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Humans Need Not Apply: A Guide to Wealth and Work in the Age of Artificial Intelligence by Jerry Kaplan

Published in August of 2015.

What books are on your Robots bookshelf?

What have you been reading that has helped you make sense of whether automation will degrade or improve our future?

How have you been trying to make sense of how higher education should adapt and change to stay relevant in an age of driverless cars, lawyer-less legal services, and professor-less teaching?

If you are developing such a library (and I bet that you might be), then I would recommend adding Humans Need Not Apply to your (digital) shelf.

Jerry Kaplan, a " computer scientist, author, futurist, and serial entrepreneur” -  (best known for founding Go - remember Go?) - has clearly thought deeply about the impact of automation on employment and society.

He comes at this question with no particular agenda to defend, or intellectual framework to bolster.  The result is what you’d expect (in good ways) if a very smart, experienced, and thoughtful person spent lots of time to think through the implications of recent big advances in artificial intelligence, robotics, sensors, and cloud computing.

Kaplan has 3 big points to make about how technology will impact our future:

1 - The AI/Robotics/Sensor/Cloud technologies are indeed moving to commercial viability - and the confluence of this technological maturation will create nonlinear disruptions in labor markets and economic arrangements.

2 - New technologies will tend to exacerbate, rather than ameliorate, trends towards economic inequality.

3 - We need invest serious time and effort in thinking deeply about robots today (what Kaplan calls forged laborers and synthetic intellects), as we will only get one chance to design policies, parameters, safeguards, and regulations to ensure that automation contributes to our social goals.

The way that Kaplan makes all three arguments is not through abstract reasoning or by resorting to economic theories - but rather by examples.  This makes for a satisfying read, as you learn lots of things about the current labor market, how automation has taken over security trading, and why Amazon has a P/E ratio of over 300 compared to Microsoft’s P/E ratio of 27.

What is refreshing about Humans Need Not Apply is that Kaplan is clearly one of the winners of the new economy - is a fan of both new technologies and new ways of organizing work - but is also deeply worried about the impact of both automation and an unregulated market on the majority of working people.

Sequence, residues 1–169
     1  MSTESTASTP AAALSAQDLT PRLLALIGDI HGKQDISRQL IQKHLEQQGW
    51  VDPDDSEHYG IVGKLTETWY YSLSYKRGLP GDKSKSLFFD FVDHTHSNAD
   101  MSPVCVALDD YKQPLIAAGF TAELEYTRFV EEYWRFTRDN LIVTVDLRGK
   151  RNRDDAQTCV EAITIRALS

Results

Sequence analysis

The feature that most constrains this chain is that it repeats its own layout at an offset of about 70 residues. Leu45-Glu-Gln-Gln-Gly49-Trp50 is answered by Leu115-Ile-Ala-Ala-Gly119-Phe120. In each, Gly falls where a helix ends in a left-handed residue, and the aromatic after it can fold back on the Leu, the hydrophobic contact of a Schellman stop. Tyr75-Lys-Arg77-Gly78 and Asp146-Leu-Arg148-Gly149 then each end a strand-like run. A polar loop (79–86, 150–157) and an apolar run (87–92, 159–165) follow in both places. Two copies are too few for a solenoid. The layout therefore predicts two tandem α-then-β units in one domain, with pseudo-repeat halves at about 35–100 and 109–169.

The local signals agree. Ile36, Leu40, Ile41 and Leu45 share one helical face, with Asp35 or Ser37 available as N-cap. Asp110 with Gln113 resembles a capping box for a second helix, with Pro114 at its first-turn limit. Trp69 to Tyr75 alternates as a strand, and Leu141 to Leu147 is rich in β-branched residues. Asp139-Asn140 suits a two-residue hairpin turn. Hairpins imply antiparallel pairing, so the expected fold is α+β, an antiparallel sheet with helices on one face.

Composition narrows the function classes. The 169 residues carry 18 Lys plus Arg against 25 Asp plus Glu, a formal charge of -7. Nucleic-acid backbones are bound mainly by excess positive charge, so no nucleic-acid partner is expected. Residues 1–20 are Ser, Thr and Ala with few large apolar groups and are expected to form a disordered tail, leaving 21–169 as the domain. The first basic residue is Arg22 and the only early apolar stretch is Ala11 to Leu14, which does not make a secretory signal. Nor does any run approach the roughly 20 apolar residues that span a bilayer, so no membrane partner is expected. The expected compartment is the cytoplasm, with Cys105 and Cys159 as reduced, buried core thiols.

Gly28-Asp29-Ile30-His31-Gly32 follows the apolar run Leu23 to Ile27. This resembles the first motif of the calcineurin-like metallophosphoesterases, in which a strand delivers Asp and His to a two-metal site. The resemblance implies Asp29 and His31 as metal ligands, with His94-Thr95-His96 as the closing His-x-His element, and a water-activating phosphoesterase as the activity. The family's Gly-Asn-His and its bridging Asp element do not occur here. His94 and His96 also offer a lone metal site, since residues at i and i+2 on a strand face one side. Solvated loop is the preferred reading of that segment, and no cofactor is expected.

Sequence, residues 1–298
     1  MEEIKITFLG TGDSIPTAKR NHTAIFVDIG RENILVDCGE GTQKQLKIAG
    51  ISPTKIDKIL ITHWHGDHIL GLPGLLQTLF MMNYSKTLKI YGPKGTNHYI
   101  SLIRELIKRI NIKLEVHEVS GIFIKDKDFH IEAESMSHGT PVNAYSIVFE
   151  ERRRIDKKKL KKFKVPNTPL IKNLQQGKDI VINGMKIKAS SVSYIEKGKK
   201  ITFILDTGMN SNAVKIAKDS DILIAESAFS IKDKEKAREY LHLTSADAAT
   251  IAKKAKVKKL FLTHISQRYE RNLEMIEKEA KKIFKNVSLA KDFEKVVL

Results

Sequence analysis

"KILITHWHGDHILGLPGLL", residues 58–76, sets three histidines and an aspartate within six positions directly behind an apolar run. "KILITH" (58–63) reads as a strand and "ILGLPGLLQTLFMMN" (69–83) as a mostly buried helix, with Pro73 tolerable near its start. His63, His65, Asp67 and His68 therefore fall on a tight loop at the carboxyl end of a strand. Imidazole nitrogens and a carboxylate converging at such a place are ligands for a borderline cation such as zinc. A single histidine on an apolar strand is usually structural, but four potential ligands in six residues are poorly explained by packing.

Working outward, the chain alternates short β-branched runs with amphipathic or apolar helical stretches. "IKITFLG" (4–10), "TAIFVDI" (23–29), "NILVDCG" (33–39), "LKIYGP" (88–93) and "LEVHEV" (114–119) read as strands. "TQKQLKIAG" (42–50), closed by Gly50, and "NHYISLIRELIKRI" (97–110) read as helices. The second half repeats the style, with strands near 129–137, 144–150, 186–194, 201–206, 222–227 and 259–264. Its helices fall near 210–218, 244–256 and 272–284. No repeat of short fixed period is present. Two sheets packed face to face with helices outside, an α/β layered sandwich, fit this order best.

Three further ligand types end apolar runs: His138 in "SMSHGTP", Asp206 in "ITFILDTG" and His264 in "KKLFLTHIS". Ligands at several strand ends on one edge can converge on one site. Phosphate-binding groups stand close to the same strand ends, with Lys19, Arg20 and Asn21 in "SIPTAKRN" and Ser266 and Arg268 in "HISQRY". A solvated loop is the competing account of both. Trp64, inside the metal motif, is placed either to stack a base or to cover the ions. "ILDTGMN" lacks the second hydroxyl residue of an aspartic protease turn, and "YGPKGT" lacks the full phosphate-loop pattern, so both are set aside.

The current discussion of technology, robots, AI, and automation tends to break down into dichotomies and opposites.  Either you think that technology will make us wealthier (a good thing), or you believe that we are experience the Uberfication of the economy (insecure gig work leading up to technological unemployment).

Kaplan takes a more measured and moderate approach, arguing that it can be possible to have the benefits of new technologies (and companies like Uber), without creating an economy characterized by extreme concentrations of wealth and insecurity/under-employment for everyone else.

If I were teaching a course called Robots and Jobs, I would add Humans Need Not Apply to the syllabus.

The other books that we would read would include:

How worried should we be that every book on my list is written by a guy - or is that a different discussion?  (It does worry me - as I noticed this lack of gender diversity only after putting my list together).

What books would you add to the syllabus for this course?

Are books like these making it into syllabi and course discussions?

Are postsecondary leaders (outside of geeky edtech circles) reading these books, and are they influencing how they think about the future of their institutions?

How should those of us in higher ed elbow our way to the table in the larger societal discussion about robots, jobs, and the future?

How do we best make the case that in a world of rapidly expanding automation (and robots), that the best educational preparation is one that prioritizes communication, risk taking, collaboration, creativity, and leadership?  (The sorts of skills that liberal arts institutions already prioritize).

What are you reading?


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